The designer’s and builder’s name is Siegfried Schnebel. “This is a windmill which I designed and built myself”, he explains in an interview in his house near Brakwater north of Windhoek. “There is an unusually strong supply of water there, just 30 m below the surface. I wanted to utilize it for irrigating orchards and fodder plants.”
There is farm Neiseb which Siegfried Schnebel took over from his father, Wilhelm, in 1985. The fact that Neiseb has a lavish supply of water was already known during colonial times. “Wells for ox-wagon transports were sunk in this area in those days. The lower one of the two cisterns on my tower was part of the former drinking trough for the oxen. It is made of 5 mm steel plates.” While his father owned the farm, 60 cubic metres of water could easily be pumped per hour without any noticeable effect on the water table. It seemed obvious that this abundance of water should be put to good use. Wilhelm Schnebel had already planted 400 citrus trees, 50 sultana vines, 700 prickly pears (ideal fodder) and a little lucerne. “Date palms also thrived like weeds”, Siegfried Schnebel recalls.
Gigantic windmill on a massive tower
“The problem is that you need a powerful engine for pumping the water to the surface, and it wouldn’t have been worth it to install smaller windmills at several smaller boreholes.” The largest windmills on the market, however, weren’t sturdy enough to hold out against the high winds in the area, he says. “So I came up with a construction of my own, specially designed for the requirements of my farm.”
A large wheel was necessary for the high output of the pump. “But the larger the wheel the bigger the problems in very windy conditions”, Siegfried Schnebel explains. A standard wheel with metal blades was not an option. Too rigid, says Schnebel. “All is well as long as there is just a light wind. But in order to cope with high winds one needs to be able to adjust the angle of the blades to the direction of the wind, to reduce the pressure on the tower.” What is more, metal blades would have made the large wheel too heavy. “Therefore I used steel tubes for the wheel’s rim and axle only; the spokes are made from light wire rope and canvas is attached to the rope. This reduced the wheel’s weight to about 100 kg only, despite its diameter of 9.5 metres”, Schnebel points out with a hint of pride in his voice.
Resourceful handyman: Siegfried Schnebel
To make the sails equally suitable for strong and light wind they were arranged in two circles. In the inner circle their angle to the wind direction is 10 degrees, in the outer circle it is 45 degrees. Siegfried Schnebel explains: “Due to the higher leverage of the sails in the inner circle they push the wheel when the wind is blowing strongly, while the outer circle keeps it moving when the wind is light.” The blades of customary windmills are set at a 10 degree angle, Schnebel says, and turn out of the wind when it becomes too strong. The unusually long axle of his construction also serves a purpose: joined to the rim at the top with wire rope, it maintains stability and prevents the sail-covered wheel from turning inside out like an umbrella in heavy gusts of wind.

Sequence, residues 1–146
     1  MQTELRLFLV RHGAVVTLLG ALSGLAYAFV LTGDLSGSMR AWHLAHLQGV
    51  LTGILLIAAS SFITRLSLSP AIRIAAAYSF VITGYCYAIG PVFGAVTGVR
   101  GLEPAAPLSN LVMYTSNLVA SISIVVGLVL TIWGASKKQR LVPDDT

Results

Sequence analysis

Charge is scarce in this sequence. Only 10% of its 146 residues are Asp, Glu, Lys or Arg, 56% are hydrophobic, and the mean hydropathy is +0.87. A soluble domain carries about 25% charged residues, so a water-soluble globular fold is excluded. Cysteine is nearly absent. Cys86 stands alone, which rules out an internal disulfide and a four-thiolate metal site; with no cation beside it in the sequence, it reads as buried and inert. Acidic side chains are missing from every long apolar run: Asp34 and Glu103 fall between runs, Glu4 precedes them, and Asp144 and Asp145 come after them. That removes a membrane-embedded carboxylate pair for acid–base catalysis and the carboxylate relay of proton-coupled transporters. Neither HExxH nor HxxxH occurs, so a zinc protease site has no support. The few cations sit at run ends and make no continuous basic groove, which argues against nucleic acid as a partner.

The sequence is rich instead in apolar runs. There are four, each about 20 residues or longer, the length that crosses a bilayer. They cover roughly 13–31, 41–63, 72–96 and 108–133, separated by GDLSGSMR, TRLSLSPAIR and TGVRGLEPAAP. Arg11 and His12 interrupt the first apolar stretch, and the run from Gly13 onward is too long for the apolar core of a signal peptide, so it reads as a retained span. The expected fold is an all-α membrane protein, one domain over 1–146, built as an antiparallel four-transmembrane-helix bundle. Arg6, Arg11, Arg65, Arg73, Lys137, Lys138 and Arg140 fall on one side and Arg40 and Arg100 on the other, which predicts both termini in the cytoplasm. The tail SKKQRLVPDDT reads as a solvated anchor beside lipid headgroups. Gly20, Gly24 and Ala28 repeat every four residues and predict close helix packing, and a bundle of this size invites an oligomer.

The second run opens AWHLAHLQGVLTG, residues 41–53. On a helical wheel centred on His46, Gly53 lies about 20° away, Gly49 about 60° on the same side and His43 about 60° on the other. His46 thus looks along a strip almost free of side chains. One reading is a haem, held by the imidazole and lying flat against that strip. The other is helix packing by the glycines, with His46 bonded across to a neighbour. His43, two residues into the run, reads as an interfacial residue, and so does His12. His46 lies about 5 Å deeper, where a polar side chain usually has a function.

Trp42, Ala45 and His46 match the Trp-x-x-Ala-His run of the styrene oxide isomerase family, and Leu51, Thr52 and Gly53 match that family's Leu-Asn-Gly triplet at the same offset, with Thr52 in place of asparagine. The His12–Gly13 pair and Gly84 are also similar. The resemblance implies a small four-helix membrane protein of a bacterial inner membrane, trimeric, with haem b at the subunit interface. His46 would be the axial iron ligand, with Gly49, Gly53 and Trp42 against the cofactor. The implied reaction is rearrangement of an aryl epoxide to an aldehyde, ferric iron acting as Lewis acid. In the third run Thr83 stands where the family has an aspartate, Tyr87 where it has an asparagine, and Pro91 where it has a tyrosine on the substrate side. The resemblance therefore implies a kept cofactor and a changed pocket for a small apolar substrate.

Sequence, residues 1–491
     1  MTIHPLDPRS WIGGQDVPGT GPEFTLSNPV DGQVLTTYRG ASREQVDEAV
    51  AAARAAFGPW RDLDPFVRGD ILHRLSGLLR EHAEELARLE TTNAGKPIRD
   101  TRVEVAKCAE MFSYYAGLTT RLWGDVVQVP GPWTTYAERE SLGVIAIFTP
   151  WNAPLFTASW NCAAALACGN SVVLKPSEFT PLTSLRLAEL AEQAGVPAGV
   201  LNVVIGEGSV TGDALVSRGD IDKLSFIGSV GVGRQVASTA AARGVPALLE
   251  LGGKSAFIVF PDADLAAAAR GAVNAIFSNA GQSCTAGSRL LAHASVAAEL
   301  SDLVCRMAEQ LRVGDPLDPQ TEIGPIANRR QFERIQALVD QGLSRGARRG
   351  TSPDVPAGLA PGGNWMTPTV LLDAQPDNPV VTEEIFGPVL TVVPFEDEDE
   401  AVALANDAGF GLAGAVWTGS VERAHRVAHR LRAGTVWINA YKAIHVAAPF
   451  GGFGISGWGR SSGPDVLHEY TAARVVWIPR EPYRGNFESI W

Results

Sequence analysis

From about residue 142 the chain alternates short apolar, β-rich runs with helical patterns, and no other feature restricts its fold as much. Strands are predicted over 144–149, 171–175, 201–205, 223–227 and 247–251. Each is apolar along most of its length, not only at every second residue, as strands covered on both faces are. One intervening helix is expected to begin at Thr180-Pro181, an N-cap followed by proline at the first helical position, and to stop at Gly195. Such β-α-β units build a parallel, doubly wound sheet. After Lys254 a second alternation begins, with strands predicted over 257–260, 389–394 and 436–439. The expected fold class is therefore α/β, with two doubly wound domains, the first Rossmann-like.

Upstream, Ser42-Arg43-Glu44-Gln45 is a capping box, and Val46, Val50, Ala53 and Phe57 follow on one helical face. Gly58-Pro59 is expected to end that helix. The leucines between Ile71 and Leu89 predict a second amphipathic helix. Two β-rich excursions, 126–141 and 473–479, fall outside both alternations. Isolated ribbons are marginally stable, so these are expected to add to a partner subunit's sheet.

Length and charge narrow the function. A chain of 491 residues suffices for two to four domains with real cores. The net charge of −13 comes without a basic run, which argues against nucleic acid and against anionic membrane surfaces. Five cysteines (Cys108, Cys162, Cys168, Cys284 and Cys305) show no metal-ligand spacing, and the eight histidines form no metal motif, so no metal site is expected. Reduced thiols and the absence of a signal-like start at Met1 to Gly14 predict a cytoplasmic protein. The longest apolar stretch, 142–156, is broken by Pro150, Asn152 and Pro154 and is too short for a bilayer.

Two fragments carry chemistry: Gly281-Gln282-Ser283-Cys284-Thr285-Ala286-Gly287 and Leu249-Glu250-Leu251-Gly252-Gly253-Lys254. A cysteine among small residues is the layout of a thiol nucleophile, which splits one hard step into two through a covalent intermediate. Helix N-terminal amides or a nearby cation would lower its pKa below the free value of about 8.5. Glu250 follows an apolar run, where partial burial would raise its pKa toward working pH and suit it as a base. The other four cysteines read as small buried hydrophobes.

As for the rest of the construction, stability is the most important criterion as well. “The foundation is 10 m square and 2 m deep, made of carefully packed stones and diagonal iron struts which support the vertical steel pillars”, says Schnebel. “After all, the whole tower has a total weight of some 50 tons when both cisterns are full.” According to his estimate the total height of his windmill is a little less than 25 m: “The wheel’s axle is about 20 m above ground.”
Axle and rim are linked by a mesh of wire rope
Costs were also an important consideration when building the windmill. “Since the farm didn’t yield much I tried to get hold of construction material as cheaply as possible”, Schnebel recalls. “I got most of it from my brother’s scrapyard; Fritz ran a locksmith’s workshop in Lüderitz and later in Windhoek.” Building and constructing, by the way, was done without drawings or model calculations. “I simply experimented a bit, trial and error”, Schnebel says. But the experimenting wasn’t altogether by chance. Schnebel studied mathematics at the University of Stellenbosch and completed a Master of Science degree. He taught mathematics, physics and chemistry at the German School in Lüderitz for years.
In 1997 the work was almost complete. Only the irrigation system had to be installed. But at that point Siegfried Schnebel felt compelled to sell the farm. “It just didn’t yield enough”, he says. And so the giant windmill was never really in operation. He once got it going for the camera crew of NBC television. The documentary was aired in 2001.
Today the tower, citrus trees and prickly pears are all that remains of the plantation which was once envisaged at the foot of the Tiras Mountains on the fringe of the Namib. And a small café, closed down again since then, on the neighbouring farm on the opposite side of the road, overlooking the striking structure. Many a traveller stops and reaches for his camera. Small wonder. In the grassy plain the colossal contraption, welded together from pieces of scrap metal, looks like the futuristic work of an off-beat artist. Who knows, it might still turn into a tourist attraction one day – as the Peculiar Tower of Tiras.
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